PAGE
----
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misteranderson

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  1. Tour Programs: Visual Thing USA Summer 1969 1975 US Tour Earls Court 1977 US Tour Knebworth I'd love to find the 1970 Bath Fest., '71 and '72 Japan, and Australian '72 books, but they're all priced in the stratosphere by now. Post-Zep Tour Programs: 1985 & 86 Firm 1988 Outrider Coverdale/Page Japan Page/Plant 1995 and 1998 Jimmy & Black Crowes 2000 Robert Plant Japan 1984 and US 1985 and Dreamland 2002 Photo Books: The Photographer's Led Zeppelin Neal Pretson's Portraits Live Dreams Led Zeppelin Over Europe by Jean-Pierre Leloir Hexagonal Experiences by Christo
  2. +3. Best of the marathon versions of the tune. For the shorter versions, Providence '73 is one of the great ones. Jimmy did some very cool solos on the late 1998 Page/Plant versions. Worth checking out. The O2 is it's own thing. Very good, JPJ nailed the right sound for the piano, something Phil Andrews never came close to in '98.
  3. You're being a bit harsh, but I agree. Jimmy has plenty of money, and can do what he wants. Apparently, he doesn't want to do music at all, unless it's Zeppelin music, in front of huge, adoring crowds. Understandable to a certain degree, but a monumental waste of talent, if you ask me. Meanwhile, Robert's exploits have run the gamut in the last 10 years, from playing pubs with The Priory to opening for The Who to headlining theaters again with his own band, and now, the success of Raising Sand. I doubt that Robert really needs to work as much as he does, but even if he really needs the
  4. The one linking to the first complete recording making the rounds is already gone. Lasted about five minutes.
  5. I'd like to see them, but no stadiums, please. Also, no $400 tickets either. Make the top price $100, and leave it at that. They'll still make money on the shows. And another thing: no opening act! A Cream-type scenario would be cool, only with more gigs, perhaps 15-20, and they really should do a few in their home country. The UK only had Earl's Court and Knebworth after early '73. But if the O2 was really the last one, that's OK.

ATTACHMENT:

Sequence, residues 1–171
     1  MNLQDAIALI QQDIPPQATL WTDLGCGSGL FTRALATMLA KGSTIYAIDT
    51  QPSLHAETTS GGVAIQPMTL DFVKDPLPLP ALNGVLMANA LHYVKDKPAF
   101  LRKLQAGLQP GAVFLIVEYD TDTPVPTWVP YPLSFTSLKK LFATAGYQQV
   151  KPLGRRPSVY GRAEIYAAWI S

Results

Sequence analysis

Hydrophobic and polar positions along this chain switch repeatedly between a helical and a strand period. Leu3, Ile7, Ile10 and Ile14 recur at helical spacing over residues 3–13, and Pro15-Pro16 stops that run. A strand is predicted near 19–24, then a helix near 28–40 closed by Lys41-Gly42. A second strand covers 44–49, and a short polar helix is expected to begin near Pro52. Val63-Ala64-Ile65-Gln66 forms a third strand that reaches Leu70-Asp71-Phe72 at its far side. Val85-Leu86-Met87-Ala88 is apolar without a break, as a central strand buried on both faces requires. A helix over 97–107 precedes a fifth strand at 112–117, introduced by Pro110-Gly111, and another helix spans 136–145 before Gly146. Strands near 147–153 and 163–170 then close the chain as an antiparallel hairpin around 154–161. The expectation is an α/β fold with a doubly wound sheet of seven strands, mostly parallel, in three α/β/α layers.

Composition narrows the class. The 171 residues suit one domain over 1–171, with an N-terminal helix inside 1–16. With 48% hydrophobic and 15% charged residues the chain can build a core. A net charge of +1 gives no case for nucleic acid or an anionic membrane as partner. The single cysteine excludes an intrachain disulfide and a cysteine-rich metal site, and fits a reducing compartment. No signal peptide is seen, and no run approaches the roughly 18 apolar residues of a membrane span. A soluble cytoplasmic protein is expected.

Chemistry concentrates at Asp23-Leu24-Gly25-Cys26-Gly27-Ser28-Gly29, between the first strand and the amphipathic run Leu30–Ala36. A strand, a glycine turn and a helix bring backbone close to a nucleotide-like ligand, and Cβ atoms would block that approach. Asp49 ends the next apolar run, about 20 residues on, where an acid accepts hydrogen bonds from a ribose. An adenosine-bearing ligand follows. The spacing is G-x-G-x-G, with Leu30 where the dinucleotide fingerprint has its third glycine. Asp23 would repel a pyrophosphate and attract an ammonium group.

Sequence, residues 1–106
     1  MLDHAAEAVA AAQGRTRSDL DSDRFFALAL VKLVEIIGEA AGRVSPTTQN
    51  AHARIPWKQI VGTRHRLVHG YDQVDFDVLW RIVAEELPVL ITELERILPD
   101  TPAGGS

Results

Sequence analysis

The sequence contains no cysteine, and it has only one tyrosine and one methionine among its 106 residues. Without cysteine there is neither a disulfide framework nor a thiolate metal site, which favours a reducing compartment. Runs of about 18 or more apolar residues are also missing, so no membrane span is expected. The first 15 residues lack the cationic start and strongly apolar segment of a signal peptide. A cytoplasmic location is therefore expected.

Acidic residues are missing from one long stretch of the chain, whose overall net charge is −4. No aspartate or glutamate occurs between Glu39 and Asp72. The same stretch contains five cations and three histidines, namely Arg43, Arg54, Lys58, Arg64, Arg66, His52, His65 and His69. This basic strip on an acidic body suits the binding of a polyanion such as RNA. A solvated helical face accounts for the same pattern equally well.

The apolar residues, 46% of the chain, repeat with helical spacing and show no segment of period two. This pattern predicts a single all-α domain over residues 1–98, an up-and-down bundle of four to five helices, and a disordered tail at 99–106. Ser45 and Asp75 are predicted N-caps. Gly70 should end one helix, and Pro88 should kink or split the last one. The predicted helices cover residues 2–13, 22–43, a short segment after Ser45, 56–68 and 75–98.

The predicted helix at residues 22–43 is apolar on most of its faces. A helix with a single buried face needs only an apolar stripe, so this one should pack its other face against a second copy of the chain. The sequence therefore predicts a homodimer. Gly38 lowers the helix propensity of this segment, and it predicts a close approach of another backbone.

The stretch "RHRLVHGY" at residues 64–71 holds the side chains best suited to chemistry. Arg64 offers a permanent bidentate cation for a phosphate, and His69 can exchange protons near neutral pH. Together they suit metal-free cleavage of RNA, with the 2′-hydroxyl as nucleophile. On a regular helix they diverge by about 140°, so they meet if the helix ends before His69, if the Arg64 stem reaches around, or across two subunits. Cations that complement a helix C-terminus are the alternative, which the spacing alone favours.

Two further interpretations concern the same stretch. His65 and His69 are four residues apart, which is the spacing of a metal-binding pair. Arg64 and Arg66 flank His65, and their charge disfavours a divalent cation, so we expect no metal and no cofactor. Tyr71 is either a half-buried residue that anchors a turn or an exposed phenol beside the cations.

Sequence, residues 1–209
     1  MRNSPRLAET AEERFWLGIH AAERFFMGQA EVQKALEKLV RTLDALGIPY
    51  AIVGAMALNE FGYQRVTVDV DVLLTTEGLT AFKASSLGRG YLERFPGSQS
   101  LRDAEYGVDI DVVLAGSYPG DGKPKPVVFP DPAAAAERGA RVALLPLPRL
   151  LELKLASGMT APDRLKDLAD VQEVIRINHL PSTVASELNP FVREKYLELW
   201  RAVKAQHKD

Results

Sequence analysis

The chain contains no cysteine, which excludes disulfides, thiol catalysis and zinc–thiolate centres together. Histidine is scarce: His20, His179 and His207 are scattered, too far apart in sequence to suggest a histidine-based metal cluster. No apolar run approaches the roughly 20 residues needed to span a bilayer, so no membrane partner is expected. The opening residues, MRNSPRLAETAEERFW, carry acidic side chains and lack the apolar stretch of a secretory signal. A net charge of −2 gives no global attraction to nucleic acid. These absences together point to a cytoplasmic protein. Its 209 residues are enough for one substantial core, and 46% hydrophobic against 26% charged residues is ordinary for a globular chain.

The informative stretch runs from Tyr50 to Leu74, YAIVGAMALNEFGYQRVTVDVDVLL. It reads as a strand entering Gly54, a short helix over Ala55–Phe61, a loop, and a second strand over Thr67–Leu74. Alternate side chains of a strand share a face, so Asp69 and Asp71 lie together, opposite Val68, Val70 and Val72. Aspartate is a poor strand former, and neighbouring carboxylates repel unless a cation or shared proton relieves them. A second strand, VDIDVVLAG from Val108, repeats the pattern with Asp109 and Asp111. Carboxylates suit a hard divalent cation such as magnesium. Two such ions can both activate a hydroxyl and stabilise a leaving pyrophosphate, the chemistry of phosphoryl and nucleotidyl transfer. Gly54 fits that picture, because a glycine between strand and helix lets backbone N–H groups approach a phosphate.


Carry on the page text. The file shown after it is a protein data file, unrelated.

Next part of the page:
6. Exactly. Even the best of the YouTube clips are all but unwatchable and unlistenable. The music is usually out of sync with the footage, and they sound like they were recorded underwater. The only reason anybody bothers with them is because it's the only way to get a sense of what happened almost immediately. The big record co.'s like Warners are utterly clueless. If they had any idea what's happening NOW, they'd understand that low-quality video and audio will only increase demand for a professionally released recording. After all, how many people prefer the old audience boots of the
  7. There's a huge difference between what Cream did and what The Police are doing. The Police are playing everywhere, and have been going nonstop since June, with just a couple short breaks in between. If you're a big Police fan, you had a good shot at seeing them close to home. Cream's seven shows in two cities over six months really didn't do much to address demand for a legendary band with its original lineup intact. They could have done much, much more. There's a third way of going about it: Dave Gilmour and Genesis both did relaxed tours, but many more gigs than Cream, and not as m
  8. First post here. Hello! Robert's never really stopped gigging since he left Page in '98. Unless he gets the flu, he'll be alright. Just don't expect him to sound like he did on "How The West Was Won." That high, keening wail Plant used to have has been gone for about 35 years. He's figured out how to get along without it. He's a better singer in many ways, but don't be surprised if some of the songs performed at the O2 gig are transposed to a lower key, even if it's just a half-step lower than the album versions. Robert will be 60 next year, after all. As far as Page's playing g
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